Amit Kumar

The Indian Cricket legend-master blaster Sachin Tendulkar- turned 38 today completing another milestone with unprecedented highs, the most memorable being the World Cup triumph. The appetite for runs has increased with the each passing year, therefore the cricket aficionados can expect more records and fireworks in the next 12 months from the maestro. 

The champion batsman, who sits on such a huge pile of runs and records will be celebrating his 38th birthday in a manner which he best knows - leading Mumbai Indians against Deccan Chargers in an Indian Premier League match in Hyderabad on Sunday.

His dream was finally fulfilled and even for a man who is known to be discreet in expressing emotions, the tears were visible when his teammates carried him on their shoulders for a lap of honour and dedicated the World Cup trophy on April 2.

Just one short of completing his 100th century in international cricket, records are fairly routing for Tendulkar.

Much before his debut on November 15, 1989, Tendulkar's precocious talent was there to be seen when he shared an unbeaten 664-run stand with childhood buddy Vinod Kambli in the Lord Harris Shield Inter-School Game in 1988.

His first Test century came in England next year at Old Trafford and the diminutive Mumbaikar rose in stature after the 1991-92 tour of Australia, hitting sublime centuries on a Sydney turner and a Perth minefield.

The rest is history. No existing batting record seemed safe. Other than Brian Lara's Test match highest of 400 not out and first class highest score of 501 not out, every batting record became Tendulkar's.

A staggering 14,692 runs scored in 177 Tests before the ongoing one at a robust average of 56.94 confirmed Tendulkar's greatness in the longer version of the game.

And in the 453 ODIs he played, a whopping 18,111 were added to his mountain of runs at an average of 45.16.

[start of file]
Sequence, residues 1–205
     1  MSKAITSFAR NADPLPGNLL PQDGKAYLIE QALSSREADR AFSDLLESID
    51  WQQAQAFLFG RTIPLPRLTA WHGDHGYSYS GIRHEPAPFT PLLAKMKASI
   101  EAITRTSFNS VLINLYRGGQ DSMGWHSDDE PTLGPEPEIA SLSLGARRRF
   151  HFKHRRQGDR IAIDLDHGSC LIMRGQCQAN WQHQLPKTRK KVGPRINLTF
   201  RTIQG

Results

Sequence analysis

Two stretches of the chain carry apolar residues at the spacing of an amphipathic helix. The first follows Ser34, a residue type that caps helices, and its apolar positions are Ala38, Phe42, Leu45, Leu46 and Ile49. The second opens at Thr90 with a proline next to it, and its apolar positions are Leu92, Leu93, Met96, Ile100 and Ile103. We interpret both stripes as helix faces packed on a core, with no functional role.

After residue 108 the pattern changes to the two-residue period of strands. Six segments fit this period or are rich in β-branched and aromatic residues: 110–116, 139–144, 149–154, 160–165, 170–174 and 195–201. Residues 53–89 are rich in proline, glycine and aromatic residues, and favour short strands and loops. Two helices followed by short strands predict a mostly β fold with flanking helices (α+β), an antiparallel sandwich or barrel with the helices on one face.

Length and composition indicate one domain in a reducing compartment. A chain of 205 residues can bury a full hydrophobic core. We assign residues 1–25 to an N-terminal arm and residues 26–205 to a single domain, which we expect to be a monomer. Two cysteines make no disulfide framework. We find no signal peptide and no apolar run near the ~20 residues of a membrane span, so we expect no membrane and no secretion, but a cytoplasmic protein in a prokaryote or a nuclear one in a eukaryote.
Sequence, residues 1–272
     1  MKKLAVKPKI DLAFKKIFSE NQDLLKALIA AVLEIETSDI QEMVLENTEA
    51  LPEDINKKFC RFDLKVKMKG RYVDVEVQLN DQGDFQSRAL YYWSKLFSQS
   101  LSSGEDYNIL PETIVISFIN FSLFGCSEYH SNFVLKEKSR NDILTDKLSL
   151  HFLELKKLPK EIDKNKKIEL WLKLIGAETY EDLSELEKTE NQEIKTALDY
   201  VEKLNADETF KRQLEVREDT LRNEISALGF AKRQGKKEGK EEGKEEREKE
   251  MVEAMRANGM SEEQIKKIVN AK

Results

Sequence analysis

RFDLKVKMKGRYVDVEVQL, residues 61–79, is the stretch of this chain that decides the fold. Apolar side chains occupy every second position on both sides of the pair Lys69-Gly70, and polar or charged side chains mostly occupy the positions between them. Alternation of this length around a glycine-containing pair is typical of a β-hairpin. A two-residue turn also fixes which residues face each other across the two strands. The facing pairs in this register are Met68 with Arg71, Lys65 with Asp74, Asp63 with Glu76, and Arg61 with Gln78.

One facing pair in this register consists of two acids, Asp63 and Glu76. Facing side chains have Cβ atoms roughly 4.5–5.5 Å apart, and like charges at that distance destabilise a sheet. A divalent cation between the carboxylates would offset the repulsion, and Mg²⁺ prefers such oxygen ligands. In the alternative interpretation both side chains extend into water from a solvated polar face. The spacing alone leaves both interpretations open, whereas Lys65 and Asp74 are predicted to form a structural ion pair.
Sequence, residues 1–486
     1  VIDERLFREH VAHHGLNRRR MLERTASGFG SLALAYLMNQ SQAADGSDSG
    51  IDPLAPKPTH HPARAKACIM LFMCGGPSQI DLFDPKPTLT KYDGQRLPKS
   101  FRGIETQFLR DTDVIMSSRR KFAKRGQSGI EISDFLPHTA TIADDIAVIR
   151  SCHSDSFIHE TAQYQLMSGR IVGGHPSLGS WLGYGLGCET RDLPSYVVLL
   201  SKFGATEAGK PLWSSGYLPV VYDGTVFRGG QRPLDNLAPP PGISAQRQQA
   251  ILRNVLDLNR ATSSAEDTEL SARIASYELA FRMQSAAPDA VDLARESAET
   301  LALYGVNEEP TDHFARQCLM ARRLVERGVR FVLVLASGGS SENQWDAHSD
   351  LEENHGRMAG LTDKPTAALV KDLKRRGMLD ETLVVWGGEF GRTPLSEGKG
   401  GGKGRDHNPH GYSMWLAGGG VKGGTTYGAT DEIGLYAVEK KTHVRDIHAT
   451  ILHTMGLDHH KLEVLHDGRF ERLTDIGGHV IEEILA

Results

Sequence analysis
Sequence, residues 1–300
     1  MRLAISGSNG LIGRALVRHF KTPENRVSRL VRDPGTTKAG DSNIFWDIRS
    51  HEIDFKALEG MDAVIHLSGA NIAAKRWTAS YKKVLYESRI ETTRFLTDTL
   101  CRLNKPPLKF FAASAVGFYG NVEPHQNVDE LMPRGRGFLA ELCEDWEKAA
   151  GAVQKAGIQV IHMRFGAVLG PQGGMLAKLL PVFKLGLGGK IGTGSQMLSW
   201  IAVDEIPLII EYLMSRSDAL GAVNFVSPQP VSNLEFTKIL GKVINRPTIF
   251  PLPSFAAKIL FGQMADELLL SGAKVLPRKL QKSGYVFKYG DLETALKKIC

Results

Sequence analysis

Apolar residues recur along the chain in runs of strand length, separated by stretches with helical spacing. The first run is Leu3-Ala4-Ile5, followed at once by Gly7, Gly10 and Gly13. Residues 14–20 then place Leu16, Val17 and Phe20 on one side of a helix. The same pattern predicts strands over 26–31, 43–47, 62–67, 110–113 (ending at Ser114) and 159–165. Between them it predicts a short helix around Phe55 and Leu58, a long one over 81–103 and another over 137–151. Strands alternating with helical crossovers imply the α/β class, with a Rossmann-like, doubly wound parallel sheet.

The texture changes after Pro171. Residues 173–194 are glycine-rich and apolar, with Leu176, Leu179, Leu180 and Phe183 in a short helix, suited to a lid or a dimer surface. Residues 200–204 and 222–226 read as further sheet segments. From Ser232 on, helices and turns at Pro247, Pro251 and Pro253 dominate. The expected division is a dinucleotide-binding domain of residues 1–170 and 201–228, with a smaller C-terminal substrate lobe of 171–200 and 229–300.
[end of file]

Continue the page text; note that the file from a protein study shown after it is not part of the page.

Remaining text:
Tendulkar is also the only batsman in the world who has scored a double ton in ODIs, a feat he achieved in Gwalior against South Africa in February. This feat was included in 'Times' magazine's top 10 sports moments of the year.

A perfect team-man, Tendulkar has limited his Twenty20 ambition to the Indian Premier League where he leads Mumbai Indians, ruling himself out of national reckoning lest it upsets the existing equilibrium of the side.

The biggest compliment to his batting came from Sir Donald Bradman himself in 1999 when he said that Tendulkar's style of playing resembled his style. "That touch I used to feel when I batted," he had said.

Tendulkar's colossal batting exploits have completely overshadowed his utility as a part-time bowler who reveled in breakthroughs.

He was a complete enigma with the ball, sending down military medium pace, orthodox leg-break and off-spin with the guiles that often caught batsmen off their guard.

His 45 Test wickets and 154 scalps in ODIs underline the fact that Tendulkar could have also staked claim to be that elusive all-rounder that India has been desperately looking for since the legendary Kapil Dev. But shoulder problems have not allowed him to bowl as much as he and the team would have liked.

In the field, he is among the safest pair of hands in the slip and his flat throw releasing strong arm saw him manning the deep with equal aplomb.

The aura has only grown because of his impeccable demeanour, on and off the field.